You are the light of the world. I am the light of the world. You are the salt of the earth. Was the pattern of these sayings once completed? Did Jesus say as well, "I am the salt of the earth?" Some scholars suggest that he may have. If so, there are terrible resonances in what is said of the salt that is deemed tasteless. That salt is "Thrown out, and trodden underfoot by everyone." We think of the one who, it might be said, was not to everyone's taste and who was 'despised and rejected'. Thrown out after death to be buried in a borrowed tomb.

Salt suggests those who are a transformative presence. Brother Lawrence 'practised the presence of God' in the kitchen of his priory, content to do the most menial of tasks for the glory of God... I guess we can all think of people whose very presence lends savour to our days. I think of those souls who volunteer to serve as Street Pastors in our towns and cities. Helping to keep young people safe and defusing potentially dangerous situations. And what about the Little brothers of the Good Shepherd, running the food bank and shelter? Such people may not preach, but they are an eloquent presence.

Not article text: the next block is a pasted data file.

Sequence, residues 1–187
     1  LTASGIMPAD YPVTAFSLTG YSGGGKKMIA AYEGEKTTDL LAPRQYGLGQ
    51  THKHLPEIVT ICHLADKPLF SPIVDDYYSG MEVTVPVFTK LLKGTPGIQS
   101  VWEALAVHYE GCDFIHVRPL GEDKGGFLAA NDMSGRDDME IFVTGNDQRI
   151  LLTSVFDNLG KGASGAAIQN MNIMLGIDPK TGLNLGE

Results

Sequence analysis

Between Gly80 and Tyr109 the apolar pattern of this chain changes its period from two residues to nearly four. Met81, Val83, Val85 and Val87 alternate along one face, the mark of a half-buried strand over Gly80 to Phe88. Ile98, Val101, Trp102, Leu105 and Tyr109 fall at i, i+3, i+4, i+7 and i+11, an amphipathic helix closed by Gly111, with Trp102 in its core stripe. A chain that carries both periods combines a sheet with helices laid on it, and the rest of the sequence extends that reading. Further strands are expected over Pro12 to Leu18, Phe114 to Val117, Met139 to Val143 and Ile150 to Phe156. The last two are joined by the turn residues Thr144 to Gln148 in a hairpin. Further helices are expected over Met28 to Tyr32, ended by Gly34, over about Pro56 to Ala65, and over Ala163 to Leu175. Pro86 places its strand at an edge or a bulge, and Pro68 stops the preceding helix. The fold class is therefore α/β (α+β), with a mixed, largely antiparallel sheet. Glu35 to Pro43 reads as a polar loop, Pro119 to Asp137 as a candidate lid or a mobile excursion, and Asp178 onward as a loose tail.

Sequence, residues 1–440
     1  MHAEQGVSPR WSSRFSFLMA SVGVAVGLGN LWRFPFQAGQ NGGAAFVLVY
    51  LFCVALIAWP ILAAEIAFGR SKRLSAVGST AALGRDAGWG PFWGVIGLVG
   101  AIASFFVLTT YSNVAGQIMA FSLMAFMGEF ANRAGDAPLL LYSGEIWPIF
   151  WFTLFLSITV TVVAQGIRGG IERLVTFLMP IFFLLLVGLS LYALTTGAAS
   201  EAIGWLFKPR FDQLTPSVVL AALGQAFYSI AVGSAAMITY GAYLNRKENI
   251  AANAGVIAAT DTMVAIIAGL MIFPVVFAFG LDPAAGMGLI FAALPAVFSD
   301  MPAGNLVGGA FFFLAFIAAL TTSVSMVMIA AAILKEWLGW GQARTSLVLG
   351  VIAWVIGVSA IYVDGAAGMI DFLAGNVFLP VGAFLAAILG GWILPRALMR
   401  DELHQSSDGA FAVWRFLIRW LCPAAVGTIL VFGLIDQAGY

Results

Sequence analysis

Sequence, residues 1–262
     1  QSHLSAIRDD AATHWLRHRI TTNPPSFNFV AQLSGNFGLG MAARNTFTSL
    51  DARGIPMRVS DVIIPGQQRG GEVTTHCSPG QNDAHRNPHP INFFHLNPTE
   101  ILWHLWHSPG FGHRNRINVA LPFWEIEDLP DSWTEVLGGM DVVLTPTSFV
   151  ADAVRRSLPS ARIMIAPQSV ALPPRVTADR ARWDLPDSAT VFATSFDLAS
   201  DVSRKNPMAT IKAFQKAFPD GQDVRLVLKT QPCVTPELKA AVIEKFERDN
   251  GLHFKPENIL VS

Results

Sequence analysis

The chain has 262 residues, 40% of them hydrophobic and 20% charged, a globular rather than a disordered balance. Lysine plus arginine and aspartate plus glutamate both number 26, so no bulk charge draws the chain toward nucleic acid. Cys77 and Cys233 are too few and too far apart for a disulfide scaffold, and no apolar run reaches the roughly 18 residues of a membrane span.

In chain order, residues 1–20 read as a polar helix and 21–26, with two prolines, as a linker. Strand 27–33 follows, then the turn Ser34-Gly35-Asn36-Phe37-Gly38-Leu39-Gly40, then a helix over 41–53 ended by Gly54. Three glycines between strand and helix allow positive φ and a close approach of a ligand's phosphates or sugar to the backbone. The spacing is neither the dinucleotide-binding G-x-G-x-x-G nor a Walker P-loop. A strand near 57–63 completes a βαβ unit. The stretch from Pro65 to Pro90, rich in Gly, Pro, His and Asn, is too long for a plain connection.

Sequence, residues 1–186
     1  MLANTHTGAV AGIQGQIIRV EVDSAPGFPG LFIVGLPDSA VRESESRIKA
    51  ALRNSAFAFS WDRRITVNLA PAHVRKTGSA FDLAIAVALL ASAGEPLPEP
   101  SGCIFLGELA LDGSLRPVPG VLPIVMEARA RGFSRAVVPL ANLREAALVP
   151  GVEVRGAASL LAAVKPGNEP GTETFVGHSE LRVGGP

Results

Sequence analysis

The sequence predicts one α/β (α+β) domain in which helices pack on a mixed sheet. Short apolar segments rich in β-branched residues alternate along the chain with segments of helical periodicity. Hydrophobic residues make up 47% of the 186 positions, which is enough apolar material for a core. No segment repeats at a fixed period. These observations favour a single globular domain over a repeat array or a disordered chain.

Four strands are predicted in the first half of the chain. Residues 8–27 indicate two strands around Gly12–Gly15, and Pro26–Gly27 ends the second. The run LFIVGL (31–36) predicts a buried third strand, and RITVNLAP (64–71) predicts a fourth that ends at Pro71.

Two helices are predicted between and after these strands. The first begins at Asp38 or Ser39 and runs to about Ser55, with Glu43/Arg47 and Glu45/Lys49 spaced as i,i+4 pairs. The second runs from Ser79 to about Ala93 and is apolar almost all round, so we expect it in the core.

Light suggests those whose role is prophetic rather than just practical. But Prophecy does not always require a pulpit or platform (or indeed a Lectern). Prophecy may be action as much as words. Jesus said, as we read in our Gospel, that he did not come to abolish the Law and the prophets, but to fulfil them. It follows that the law and the prophets are meant to mean for us, what they meant for Jesus - namely the love of God and the love of one's neighbour. Prophecy happens when this law of love is proclaimed, but still more when it is practised. "Light shall beak forth like the dawn," says the prophet we hear in our OT reading this morning - and it happens when Justice is done and not merely talked about.
So I return to the question I put at the beginning.... in the week ahead will you be salt? Will you be light? Can you be both?